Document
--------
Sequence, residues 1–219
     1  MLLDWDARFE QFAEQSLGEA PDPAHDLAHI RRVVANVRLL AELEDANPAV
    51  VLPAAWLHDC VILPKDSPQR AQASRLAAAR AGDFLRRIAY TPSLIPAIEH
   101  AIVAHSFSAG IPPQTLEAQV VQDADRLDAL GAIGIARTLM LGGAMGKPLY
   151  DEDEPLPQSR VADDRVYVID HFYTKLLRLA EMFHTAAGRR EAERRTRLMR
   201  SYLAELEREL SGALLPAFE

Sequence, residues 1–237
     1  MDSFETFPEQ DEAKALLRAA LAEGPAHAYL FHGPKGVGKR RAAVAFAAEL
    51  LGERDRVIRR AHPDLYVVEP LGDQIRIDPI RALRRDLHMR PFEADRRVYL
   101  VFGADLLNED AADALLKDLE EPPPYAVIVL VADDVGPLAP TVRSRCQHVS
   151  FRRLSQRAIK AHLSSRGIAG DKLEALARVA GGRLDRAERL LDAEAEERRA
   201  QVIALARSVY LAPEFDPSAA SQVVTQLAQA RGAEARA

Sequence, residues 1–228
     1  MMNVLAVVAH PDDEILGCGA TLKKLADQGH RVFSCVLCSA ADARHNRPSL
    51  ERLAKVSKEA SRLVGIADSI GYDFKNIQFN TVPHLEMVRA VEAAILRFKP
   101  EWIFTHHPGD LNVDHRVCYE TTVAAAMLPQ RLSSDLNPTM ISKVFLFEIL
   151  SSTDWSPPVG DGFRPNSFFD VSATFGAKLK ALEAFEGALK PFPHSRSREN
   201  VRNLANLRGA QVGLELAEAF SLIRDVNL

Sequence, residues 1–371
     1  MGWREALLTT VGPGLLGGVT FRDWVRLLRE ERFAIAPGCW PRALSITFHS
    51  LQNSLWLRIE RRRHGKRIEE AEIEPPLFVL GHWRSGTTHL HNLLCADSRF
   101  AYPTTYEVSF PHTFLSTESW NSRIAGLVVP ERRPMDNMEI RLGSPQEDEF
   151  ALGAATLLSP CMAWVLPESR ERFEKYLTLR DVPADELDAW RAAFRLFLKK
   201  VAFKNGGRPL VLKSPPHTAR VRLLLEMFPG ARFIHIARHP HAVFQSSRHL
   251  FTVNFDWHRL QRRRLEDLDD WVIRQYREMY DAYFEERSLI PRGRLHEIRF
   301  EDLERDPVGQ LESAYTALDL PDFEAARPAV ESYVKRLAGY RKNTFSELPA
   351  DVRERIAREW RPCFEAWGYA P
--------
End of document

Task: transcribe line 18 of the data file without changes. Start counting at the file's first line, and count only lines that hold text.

   201  VRNLANLRGA QVGLELAEAF SLIRDVNL